We are delighted to share with you the latest issue of the publication from the Herbert Smith Freehills Global Arbitration Practice, Inside Arbitration.
In addition to sharing knowledge and insight about the markets and industries in which our clients operate, the publication offers personal perspectives of our international arbitration partners from across the globe.
The U.S. Supreme Court’s first opinion of 2019, written by recently appointed Justice Brett Kavanaugh, confirms the long-standing support of the Court for arbitrators to decide the issues of arbitrability of a dispute submitted to arbitration. The unanimous ruling defends the provisions of the Federal Arbitration Act, confirming that a contract’s terms control who decides, in the first instance, whether a dispute is subject to arbitration.
On 6 April 2018, a Tribunal constituted under the UNCITRAL Arbitration Rules rendered an Award on Jurisdiction in the case Dawood Rawat v. The Republic of Mauritius (PCA Case 2016-20). Following a thorough analysis of the interpretation of the 1973 Investment Protection Treaty between the Republic of France and Mauritius (the “France-Mauritius BIT” or the “Treaty”), the Tribunal denied protection of the relevant investment protection treaty to a dual national – a French-Mauritian businessman – despite the treaty was silent on its application to dual nationals. This approach was contrary to prior investment treaty decisions, such as Serafín García Armas and other v Venezuela, in which tribunals have rejected jurisdictional objections brought by respondent states where relevant the bilateral investment treaty (“BIT”) was silent on the exclusion of dual nationals.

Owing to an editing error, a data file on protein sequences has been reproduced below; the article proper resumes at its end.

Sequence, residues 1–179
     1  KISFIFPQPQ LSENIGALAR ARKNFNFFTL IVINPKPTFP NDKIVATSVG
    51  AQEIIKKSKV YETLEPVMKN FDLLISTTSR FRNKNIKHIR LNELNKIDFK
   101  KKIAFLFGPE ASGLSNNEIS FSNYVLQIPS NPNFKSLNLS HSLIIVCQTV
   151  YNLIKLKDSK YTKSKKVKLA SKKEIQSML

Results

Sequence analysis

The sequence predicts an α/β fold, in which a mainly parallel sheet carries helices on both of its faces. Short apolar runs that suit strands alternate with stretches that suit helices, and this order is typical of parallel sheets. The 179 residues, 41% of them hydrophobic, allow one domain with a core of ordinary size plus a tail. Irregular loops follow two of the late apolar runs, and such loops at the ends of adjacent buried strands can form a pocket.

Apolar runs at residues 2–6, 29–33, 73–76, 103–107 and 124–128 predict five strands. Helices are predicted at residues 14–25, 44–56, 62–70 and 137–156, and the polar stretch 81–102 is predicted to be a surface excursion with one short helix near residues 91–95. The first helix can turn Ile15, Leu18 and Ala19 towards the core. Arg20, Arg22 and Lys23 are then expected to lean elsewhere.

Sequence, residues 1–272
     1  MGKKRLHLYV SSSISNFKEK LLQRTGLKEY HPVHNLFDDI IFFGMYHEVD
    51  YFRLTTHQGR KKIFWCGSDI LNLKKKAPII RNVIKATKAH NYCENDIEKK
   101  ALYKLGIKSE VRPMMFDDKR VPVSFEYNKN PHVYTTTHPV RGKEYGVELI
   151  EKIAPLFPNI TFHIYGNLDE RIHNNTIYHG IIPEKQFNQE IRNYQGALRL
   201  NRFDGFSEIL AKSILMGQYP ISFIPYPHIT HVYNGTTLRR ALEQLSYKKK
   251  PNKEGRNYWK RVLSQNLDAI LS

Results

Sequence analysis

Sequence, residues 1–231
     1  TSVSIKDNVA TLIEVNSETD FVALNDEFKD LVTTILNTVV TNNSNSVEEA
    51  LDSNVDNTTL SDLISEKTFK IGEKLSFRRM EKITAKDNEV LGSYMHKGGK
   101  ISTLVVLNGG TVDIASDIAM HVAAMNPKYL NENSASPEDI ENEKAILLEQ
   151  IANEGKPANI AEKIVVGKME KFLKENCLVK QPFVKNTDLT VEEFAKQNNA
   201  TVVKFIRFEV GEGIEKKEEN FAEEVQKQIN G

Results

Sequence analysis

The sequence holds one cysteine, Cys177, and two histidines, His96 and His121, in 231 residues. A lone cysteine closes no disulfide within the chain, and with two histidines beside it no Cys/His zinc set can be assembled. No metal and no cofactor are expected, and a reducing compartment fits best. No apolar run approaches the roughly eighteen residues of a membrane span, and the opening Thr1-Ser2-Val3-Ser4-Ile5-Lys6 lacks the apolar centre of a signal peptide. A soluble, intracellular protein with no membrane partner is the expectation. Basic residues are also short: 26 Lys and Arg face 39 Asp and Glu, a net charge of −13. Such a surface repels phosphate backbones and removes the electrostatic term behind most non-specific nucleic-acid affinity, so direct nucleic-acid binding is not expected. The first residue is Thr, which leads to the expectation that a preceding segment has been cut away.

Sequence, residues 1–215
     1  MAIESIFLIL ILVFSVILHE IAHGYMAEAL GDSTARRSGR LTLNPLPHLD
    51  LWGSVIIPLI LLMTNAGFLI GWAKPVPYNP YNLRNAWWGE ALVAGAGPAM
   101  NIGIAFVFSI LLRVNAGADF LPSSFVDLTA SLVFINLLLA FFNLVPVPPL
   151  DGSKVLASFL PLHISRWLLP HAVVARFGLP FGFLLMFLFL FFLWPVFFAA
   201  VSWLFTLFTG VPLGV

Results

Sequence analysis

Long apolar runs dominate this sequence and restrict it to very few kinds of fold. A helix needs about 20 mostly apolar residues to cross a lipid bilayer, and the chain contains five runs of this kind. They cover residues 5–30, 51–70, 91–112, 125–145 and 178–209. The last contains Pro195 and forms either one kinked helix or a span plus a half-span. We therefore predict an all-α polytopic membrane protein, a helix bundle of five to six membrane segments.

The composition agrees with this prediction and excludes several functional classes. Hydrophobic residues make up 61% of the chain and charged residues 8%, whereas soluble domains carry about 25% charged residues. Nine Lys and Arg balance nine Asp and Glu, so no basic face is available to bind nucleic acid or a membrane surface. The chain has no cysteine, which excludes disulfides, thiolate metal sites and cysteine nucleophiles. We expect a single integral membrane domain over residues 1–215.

On 3 May 2017, Ecuador's Legislature approved the termination of 12 bilateral investment treaties ("BITs") entered into with China, Chile, Venezuela, the Netherlands, Switzerland, Canada, Argentina, the U.S., Spain, Peru, Bolivia and Italy.
This is not only consistent with Ecuador's political appetite to denounce international treaties but this is another step in a process that started years ago.